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EU greenhouse gas emissions from transport increased for the second year in a row in 2015; on-road up 1.6%

Total European Union greenhouse gas emissions increased by 0.5% in 2015—the first annual increase since 2010—according to new European Environment Agency (EEA) data. Transport was a key reason for that increase: better fuel efficiency in that sector was not enough to counter the effects of an increasing demand for transport.

Higher emissions were caused mainly by increasing road transport, both passenger and freight, and slightly colder winter conditions in Europe, compared to 2014, leading to higher demand for heating. Gains in the fuel efficiency of new vehicles and aircrafts were not enough to offset the additional emissions caused by a higher demand in both passenger and goods transport. Road transport emissions—about 20% of total EU greenhouse gas emissions—increased for the second year in a row in 2015, by 1.6%. Emissions from aviation, representing about 4% of the EU total emissions, increased by 3.3% in 2015.

GHG emissions by aggregated sector in the EU-28 (kt CO2 eq.). Source: EEA. Click to enlarge.

Road transport demand, and subsequently road transport GHG emissions, increased for the second year in a row, confirming the upward trend in emissions that started in 2014.

According to the EEA, the average CO2 emissions level of new cars sold in 2015 was 119.5 g CO2/km, well below the 2015 target of 130 g CO2/km. The average emission of new light commercial vehicles in 2015 was 168.3 g CO2/km, which is also below the 2017 target of 175 g CO2/km by 2017. Car and van manufacturers will have to keep reducing emissions levels to meet the targets of 95 g CO2/km and 147 g CO2/km, respectively.

Neither road transportation nor the residential sectors are covered by the EU emissions trading system (ETS), which explains why overall net emissions increased in spite of the reduction in EU ETS emissions the same year. In fact, ETS emissions for stationary installations decreased by 0.7%, whereas emissions from the non-trading sectors increased by 1.4% in 2015.

In 2015, the EU greenhouse gas emissions increased only slightly, despite the strongest annual economic growth (+ 2.2%) in the EU since 2007 and following a 4% decrease in emissions in 2014. From 1990 to 2015, the EU reduced its greenhouse gas emissions by 22.1%, already surpassing its 2020 target of reducing emissions by 20%. During the same period, the EU economy grew about 50%.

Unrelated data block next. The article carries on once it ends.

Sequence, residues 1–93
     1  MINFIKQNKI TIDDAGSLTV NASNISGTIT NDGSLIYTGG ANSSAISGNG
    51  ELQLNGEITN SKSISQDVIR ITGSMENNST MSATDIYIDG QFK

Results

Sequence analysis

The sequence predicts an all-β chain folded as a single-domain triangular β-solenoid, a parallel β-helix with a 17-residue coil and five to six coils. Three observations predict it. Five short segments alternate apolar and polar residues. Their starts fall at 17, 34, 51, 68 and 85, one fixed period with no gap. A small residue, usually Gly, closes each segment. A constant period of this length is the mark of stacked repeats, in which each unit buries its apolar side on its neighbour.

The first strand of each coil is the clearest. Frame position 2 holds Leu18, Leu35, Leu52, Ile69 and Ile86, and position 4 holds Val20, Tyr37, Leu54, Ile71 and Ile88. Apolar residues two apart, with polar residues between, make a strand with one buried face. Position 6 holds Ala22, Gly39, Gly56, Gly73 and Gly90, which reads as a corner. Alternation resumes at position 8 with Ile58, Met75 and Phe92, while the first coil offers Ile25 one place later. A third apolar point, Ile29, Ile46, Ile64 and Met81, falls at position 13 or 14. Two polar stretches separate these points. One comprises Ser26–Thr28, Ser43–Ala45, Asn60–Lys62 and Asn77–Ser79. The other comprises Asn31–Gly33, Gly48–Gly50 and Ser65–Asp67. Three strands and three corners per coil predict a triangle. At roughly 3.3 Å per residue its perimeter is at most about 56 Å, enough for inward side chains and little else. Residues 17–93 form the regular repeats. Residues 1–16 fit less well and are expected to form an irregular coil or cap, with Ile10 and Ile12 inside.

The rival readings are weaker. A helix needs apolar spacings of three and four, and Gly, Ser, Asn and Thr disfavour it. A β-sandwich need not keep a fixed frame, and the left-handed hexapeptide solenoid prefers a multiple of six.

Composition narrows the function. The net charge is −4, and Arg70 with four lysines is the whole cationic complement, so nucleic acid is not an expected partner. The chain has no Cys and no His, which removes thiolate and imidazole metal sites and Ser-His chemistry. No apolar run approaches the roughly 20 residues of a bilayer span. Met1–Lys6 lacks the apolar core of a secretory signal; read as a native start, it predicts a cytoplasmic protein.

The main reasons behind the emission reductions since 1990 include the effects of EU and national policies (leading to the growing use of renewable energy, use of less carbon intensive fuels and improvements in energy efficiency), structural change towards a more service-oriented economy, the effects of economic recession, and milder winters, leading to reduced energy demand for heating, EEA said.

Other findings for the year 2015:

  • The reduction in total EU greenhouse gas emissions compared with 1990 was 23.7% if emissions from international aviation are excluded.

  • Greenhouse gas emissions under the EU emissions trading system (ETS) decreased by 0.7%, excluding aviation, whereas emissions from the non-trading sectors increased by 1.4%.

  • Spain, Italy and the Netherlands accounted for the largest increases in greenhouse gas emissions in the EU.

  • The United Kingdom showed the largest decrease of greenhouse gas emissions in the EU.

  • Total energy consumption and energy-related emissions increased, due to increased use of natural gas and crude oil. However, the reduced use of solid fuels, for the third consecutive year, and the sustained increase in renewables—particularly biomass, wind and solar—offset otherwise higher emissions. Electricity production from hydro and nuclear declined.

  • In spite of the increase in emissions, the carbon intensity of the EU energy system declined due to higher shares of renewables and gas relative to coal in the overall fuel mix.

  • EU greenhouse gas emissions from refrigeration and air conditioning decreased, ending an almost exponential increase of hydrofluorocarbon (HFC) emissions since 1990.

The EEA’s new reports, Annual European Union greenhouse gas inventory 1990-2015 and inventory report 2017 and Analysis of key trends and drivers in greenhouse gas emissions in the EU between 1990 and 2015 provide an overview of the EU’s greenhouse gas emission trends.



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